Andre Aciman considers his youthful innocence, caught between an Eric Rohmer film and his memories of his first love. Aciman asks us to wonder how our films and novels project upon our experiences insights that we struggle to see.
The movie theater on West 57th Street is nearly empty—this is the film’s last run in New York. I hear voices on screen. I have no sense of how much I’ve missed or if coming late might ruin it. The sudden disappointment of missing a part of the film distracts me and gives the entire viewing an unreal, provisional feel, as though seeing it now doesn’t really count, might need to be corrected by a second viewing. I like the option of a second viewing that is already implied in the first, the way I imagine seeing places or hearing tales a second and a third time while I’m still experiencing them the first time—which is how I confront almost everything in life: as a dry run for the real thing to come. I’ll return, but this time with someone I love, and only then will the film matter and be real. This is how I went out on dates, answered job ads, picked my courses, made travel plans, found friends, sought out the new: with enthusiasm, sloth, and a touch of panic and reluctance—the whole occasionally bottled up in a brine of incipient resentment, perhaps disdain. Diffidence as an instance of desire. I withdraw before the real.
I light a cigarette—in those days you could, and I always sat in the smoking section. I put my coat on the seat next to mine and begin drifting into the movie, because something about the film has already grabbed me. It has as much to do with the film itself as with me, the viewer. The twining of the two—the film and me—was not incidental, but in an uncanny, perhaps untenable way, essential to the film itself, as though who I am matters to the film. Everything happening in my very private life matters to the film. The ferment of lights in Midtown Manhattan suddenly matters, my longing to be in Paris instead of New York matters, the drab machinery shop I’ve left behind in Long Island City, the passages I still need to translate from the Apology, my misgivings about the girl I’d met at a party in Washington Heights more than a year earlier, down to the brand of cigarettes I am smoking, and—let’s not forget—the prune Danish I had purchased on the fly to snack on, because something about prunes brings out a sheltered, Old World feel I still associate with my grandmother, who lives in Paris and loves France and keeps summoning me back there because life in France, she says, gives every semblance of extending the life she’d known before moving there—all these have, like unpaid extras, chipped in and are playing their small part in Eric Rohmer’s film.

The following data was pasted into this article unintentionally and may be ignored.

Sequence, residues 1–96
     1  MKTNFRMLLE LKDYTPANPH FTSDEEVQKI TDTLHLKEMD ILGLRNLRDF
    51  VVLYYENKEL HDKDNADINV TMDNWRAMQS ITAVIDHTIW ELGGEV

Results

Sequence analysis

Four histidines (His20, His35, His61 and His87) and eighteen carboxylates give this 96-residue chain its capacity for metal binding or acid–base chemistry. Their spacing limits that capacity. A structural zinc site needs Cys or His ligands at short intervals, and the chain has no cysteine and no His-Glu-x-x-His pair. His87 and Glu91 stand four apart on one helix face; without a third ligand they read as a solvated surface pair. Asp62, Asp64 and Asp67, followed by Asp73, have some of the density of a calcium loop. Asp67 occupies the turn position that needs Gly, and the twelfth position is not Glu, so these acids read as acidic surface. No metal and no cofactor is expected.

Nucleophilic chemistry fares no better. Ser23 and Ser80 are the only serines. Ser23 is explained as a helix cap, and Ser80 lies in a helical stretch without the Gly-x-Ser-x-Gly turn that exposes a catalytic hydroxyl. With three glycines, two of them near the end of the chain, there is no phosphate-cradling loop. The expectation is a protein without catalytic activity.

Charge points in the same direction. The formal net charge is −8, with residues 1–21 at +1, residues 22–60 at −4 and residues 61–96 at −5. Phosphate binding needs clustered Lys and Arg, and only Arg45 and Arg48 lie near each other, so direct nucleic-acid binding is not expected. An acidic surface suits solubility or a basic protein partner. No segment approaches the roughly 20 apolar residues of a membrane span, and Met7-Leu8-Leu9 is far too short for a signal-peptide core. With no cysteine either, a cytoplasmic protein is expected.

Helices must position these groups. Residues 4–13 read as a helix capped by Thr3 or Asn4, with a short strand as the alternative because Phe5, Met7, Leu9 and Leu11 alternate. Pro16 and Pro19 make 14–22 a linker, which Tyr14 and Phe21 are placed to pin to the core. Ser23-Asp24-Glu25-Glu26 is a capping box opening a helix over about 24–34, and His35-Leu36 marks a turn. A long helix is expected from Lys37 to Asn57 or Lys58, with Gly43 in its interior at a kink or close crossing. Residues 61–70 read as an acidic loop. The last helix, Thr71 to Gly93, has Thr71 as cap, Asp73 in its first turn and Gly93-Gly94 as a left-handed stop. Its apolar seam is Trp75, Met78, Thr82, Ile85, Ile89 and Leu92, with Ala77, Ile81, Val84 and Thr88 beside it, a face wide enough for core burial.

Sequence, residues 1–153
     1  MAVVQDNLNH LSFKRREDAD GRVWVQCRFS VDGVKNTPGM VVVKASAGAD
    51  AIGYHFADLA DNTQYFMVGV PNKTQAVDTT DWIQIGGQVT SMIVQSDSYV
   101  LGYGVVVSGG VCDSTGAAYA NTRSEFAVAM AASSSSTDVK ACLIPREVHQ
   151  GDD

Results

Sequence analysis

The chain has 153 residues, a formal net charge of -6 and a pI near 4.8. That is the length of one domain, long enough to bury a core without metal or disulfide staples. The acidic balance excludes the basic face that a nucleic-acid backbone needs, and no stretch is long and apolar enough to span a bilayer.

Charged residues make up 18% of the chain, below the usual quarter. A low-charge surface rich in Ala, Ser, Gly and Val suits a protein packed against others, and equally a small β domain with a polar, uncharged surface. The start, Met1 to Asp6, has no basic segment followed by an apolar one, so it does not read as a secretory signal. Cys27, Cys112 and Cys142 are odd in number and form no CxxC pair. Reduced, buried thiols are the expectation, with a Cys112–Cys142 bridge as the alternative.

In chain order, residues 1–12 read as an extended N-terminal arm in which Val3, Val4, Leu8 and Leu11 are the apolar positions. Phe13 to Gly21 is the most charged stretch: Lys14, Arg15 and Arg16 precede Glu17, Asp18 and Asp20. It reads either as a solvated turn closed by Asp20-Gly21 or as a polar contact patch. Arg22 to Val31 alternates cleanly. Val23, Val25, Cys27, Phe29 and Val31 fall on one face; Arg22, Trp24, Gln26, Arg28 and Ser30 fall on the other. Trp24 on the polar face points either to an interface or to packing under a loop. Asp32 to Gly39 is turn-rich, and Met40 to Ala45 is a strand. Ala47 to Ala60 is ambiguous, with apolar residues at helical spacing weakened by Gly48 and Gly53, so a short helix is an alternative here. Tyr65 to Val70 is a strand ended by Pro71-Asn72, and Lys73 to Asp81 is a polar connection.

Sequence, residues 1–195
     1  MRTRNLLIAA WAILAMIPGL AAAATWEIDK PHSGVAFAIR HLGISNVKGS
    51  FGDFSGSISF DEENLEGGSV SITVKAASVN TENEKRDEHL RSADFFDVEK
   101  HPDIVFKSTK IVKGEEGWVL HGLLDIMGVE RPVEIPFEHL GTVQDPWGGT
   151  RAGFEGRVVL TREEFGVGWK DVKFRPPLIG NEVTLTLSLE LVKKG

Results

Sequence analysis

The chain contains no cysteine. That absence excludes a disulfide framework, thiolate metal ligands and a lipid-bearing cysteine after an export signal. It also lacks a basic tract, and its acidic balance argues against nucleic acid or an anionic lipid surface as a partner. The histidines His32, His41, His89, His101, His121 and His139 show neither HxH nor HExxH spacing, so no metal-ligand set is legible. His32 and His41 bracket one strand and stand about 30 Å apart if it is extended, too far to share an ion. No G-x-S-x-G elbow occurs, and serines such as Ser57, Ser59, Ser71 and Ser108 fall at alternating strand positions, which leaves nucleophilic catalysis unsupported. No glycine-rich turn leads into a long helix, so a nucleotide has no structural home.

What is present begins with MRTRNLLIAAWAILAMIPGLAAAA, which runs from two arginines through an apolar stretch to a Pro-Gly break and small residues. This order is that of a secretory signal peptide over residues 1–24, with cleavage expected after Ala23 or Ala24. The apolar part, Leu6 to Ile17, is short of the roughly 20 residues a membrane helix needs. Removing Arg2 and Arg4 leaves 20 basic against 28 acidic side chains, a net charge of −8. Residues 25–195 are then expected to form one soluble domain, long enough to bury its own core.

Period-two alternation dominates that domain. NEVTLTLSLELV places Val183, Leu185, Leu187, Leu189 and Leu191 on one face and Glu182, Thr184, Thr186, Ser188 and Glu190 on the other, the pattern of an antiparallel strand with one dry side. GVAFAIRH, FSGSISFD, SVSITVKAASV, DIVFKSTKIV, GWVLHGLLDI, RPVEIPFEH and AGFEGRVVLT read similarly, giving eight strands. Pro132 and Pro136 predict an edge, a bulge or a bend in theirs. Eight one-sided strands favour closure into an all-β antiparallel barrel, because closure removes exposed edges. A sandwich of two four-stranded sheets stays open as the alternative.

The personal lexicon we bring to a film, or the way we misunderstand a novel because our minds drift off a page and fantasize about something superfluous, is our surest and most trusted reason for claiming it a masterpiece. The spontaneous decision to head to the movies tonight is now forever grafted onto My Night at Maud’s. Even walking halfway into the film has cast a strangely premonitory, retrospective meaning to this evening.
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